So, for each of our ad groups, I would recommend creating at least 2 text ads. I would also recommend that these are fairly similar to each other, with only one or two elements changed. This is because once we’ve launched the campaign and started collecting data, we are going to want to optimise our campaigns.
Part of the optimisation process will be pausing lower converting ads and creating new ads to improve CTR. If you’ve got two ads that are completely different, how can you pinpoint which element it is that’s causing the increase/decrease in performance?
By only ever changing one or two elements, we can make more educated decisions on what to change or keep the same when we create more ads further down the line.
The composition of a good ad
There are several elements that make up a text ad on AdWords – illustrated below:
- Headline 1: Typically, I recommend that the text in headline 1 is simply the main keyword that you’re advertising for. As you can see on the example, Rolex have done this by using Rolex Submariner as their Headline 1.
- Headline 2: This is your first, and main opportunity to showcase your USPs. I would therefore recommend that you use this to display your #1 USP. If you’ve got a 25% sale on, then put that in headline 2, if you offer a price match guarantee, use that.
- Display URL: This is simply the URL that you want to display on your ad. It doesn’t have to be the same as your landing page, and often it won’t be the same. I personally use the display URL as another chance to get my targeted keyword into my ad. I believe this helps to improve the relevancy of my ad in Google’s eyes.
- Description: Your description can be up-to 80 characters long and I’d recommend utilising as much of this as possible. This is another chance to show what sets you apart from competitors, so get a couple more USPs in there. I’d also recommend finishing your ads with a call-to-action. This could be “shop online now”, “get a free quote today” or sign up here”, anything which empowers your audience to take action.
The final part of the ad, that’s not visible on the ad it’s self is the “Final URL”. This is the AdWords term for landing page URL and should simply be the page that you want customers to land on having clicked your ad.
As I outlined above, create at least 2 ads for each ad group.
Once this is done, you should have an excel sheet with a pretty complete campaign breakdown. All that’s left to do is upload it to AdWords and take care of the finer details.
Uploading the campaign to AdWords
Now that we have the campaign spec-ed out in Excel, we can now start to upload it to AdWords. To create a new campaign on AdWords, simply log in to your dashboard, choose campaigns “campaigns” from the left sidebar and click the large blue + button.
Here, you’ll be given the option to create a variety of different campaign types. For this campaign, we want to reach customers with text ads meaning we’ll need to create a “Search” campaign.
Next, you’ll be given a range of goals:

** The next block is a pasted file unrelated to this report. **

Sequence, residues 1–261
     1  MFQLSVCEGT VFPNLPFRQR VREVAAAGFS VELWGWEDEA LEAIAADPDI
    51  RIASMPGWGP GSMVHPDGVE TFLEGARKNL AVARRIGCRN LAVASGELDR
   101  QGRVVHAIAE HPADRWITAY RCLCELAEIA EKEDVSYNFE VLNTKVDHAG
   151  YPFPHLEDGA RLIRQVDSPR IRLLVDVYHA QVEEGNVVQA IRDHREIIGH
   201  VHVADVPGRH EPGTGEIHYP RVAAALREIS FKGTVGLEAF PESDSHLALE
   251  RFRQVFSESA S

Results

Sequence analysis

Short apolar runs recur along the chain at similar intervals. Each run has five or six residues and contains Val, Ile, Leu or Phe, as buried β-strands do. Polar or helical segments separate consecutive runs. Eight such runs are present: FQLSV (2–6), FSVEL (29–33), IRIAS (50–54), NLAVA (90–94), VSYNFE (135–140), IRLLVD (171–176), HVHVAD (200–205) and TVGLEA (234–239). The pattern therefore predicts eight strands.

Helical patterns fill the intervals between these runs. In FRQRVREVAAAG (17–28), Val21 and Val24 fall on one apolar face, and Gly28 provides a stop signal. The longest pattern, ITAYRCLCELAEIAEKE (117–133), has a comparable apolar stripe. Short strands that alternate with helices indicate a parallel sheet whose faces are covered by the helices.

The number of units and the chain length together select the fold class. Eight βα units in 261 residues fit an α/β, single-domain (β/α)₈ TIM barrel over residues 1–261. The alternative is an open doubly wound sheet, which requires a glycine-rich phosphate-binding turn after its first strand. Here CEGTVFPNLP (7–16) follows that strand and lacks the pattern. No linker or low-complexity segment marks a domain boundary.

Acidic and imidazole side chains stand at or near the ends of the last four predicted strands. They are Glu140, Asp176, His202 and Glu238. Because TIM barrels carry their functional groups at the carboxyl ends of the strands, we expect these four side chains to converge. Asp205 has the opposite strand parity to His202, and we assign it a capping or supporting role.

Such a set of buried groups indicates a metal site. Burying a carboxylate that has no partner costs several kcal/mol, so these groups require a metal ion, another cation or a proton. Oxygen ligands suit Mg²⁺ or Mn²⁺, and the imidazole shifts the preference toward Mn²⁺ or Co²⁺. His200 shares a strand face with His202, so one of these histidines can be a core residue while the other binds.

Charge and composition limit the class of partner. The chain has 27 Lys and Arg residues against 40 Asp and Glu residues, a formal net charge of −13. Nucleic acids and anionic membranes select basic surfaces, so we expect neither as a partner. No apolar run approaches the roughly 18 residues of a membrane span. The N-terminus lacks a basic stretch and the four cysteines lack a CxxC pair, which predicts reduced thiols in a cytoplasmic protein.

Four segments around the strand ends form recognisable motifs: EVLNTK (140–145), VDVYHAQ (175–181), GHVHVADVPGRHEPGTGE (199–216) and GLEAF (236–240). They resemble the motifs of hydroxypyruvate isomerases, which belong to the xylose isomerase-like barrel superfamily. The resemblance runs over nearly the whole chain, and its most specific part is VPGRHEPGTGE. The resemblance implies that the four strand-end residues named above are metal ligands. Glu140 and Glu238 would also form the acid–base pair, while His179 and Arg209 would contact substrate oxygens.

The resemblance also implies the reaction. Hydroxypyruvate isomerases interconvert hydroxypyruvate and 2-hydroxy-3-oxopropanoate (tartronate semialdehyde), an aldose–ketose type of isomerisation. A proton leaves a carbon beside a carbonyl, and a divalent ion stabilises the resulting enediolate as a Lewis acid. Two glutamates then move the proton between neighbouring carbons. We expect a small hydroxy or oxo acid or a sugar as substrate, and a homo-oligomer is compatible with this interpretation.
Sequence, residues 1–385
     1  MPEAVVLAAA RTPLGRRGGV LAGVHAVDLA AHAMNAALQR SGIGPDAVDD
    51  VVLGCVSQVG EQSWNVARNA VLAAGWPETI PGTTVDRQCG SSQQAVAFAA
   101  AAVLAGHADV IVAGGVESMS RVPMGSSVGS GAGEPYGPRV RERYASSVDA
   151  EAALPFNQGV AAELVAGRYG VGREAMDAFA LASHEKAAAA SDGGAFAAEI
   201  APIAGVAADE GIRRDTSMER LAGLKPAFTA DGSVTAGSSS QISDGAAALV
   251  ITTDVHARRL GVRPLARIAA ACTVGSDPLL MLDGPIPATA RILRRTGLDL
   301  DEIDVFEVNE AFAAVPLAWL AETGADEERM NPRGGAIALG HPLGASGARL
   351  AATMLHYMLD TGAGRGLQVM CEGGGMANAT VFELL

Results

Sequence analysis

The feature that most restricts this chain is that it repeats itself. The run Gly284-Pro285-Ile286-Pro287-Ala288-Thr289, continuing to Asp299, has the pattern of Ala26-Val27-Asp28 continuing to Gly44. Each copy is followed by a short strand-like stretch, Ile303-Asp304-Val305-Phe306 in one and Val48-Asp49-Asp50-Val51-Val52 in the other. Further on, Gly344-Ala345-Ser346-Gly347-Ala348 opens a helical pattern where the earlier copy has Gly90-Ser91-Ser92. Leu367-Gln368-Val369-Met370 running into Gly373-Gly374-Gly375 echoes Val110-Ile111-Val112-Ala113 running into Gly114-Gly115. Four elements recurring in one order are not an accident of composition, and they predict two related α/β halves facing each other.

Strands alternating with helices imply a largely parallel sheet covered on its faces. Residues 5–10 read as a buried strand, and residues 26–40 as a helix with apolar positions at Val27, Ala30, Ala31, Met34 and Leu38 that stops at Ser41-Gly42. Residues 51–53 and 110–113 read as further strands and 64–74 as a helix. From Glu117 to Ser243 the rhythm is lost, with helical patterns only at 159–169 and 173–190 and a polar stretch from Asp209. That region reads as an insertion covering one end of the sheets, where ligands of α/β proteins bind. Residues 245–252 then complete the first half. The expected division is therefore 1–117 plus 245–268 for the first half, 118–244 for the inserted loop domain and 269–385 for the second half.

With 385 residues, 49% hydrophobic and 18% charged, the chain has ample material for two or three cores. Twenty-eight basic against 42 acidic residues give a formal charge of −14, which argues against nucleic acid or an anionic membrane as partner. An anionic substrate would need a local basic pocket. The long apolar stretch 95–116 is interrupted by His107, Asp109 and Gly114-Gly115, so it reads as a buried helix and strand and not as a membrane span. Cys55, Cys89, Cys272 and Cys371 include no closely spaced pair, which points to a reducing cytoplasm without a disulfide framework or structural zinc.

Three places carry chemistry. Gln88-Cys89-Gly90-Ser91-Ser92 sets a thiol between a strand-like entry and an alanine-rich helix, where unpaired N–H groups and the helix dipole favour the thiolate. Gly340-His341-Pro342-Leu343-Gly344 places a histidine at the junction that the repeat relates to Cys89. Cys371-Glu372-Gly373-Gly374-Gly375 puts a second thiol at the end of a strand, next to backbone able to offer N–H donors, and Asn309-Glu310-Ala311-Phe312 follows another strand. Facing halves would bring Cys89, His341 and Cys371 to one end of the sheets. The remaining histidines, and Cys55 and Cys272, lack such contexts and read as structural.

Choosing one of these will simply edit the settings and features of the campaign to fit that goal. For our example, we’re going to “create a campaign without a goal”.
Next, you’ll need to create some set-up details. Firstly, you’ll need to stipulate what results you want to get out of the campaign. Tick “get website visits” and press continue.
Now we can start to select the campaign settings.
Firstly, give the campaign a suitable name. I’m going to name our campaign “Rolex Submariner – Search”.
Next, we’re given the option to expand our search campaign to the display network to. This will allow us to show display ads (such as banners, skyscrapers etc.) on relevant websites, videos and apps across the web. For our example, I’m going to keep this as a search campaign only.
We’re now given the option to target specific locations with this campaign. If you we’re running a location specific campaign, you could target individual cities, postal codes or areas using these targeting options.
You can also choose radius targeting by clicking “advanced search” and choosing the radius option – this will allow you to target customers in a certain radius of your targeted location.
Next, you can select the languages that your customers speak. Often, it may be applicable to select “all languages” however if your process requires phone conversations and you run an English-speaking call centre, you’ll probably want to select English.
Next, we’ll select our bidding options. This is strictly personal preference, but I typically like to focus on getting clicks over conversions. This allows me to Manually set bids and ensure I get the best possible average position on each keyword that I’m bidding. I’d suggest you experiment with different bidding strategies to find out which one works best for you.
Now you can set the budget for the campaign. This will be largely dictated by the size of your marketing budget but be aware that you can change this at any time.
If you’re running a promotion that is set to start and end on a specific date, you may want to stipulate a start and end date for your campaign.